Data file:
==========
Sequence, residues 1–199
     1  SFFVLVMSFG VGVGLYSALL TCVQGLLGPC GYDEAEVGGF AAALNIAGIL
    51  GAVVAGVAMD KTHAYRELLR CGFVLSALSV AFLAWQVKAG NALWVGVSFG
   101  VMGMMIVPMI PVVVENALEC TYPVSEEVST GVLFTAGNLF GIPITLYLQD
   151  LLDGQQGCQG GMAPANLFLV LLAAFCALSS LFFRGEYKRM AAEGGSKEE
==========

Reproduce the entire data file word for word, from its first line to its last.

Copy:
Sequence, residues 1–199
     1  SFFVLVMSFG VGVGLYSALL TCVQGLLGPC GYDEAEVGGF AAALNIAGIL
    51  GAVVAGVAMD KTHAYRELLR CGFVLSALSV AFLAWQVKAG NALWVGVSFG
   101  VMGMMIVPMI PVVVENALEC TYPVSEEVST GVLFTAGNLF GIPITLYLQD
   151  LLDGQQGCQG GMAPANLFLV LLAAFCALSS LFFRGEYKRM AAEGGSKEE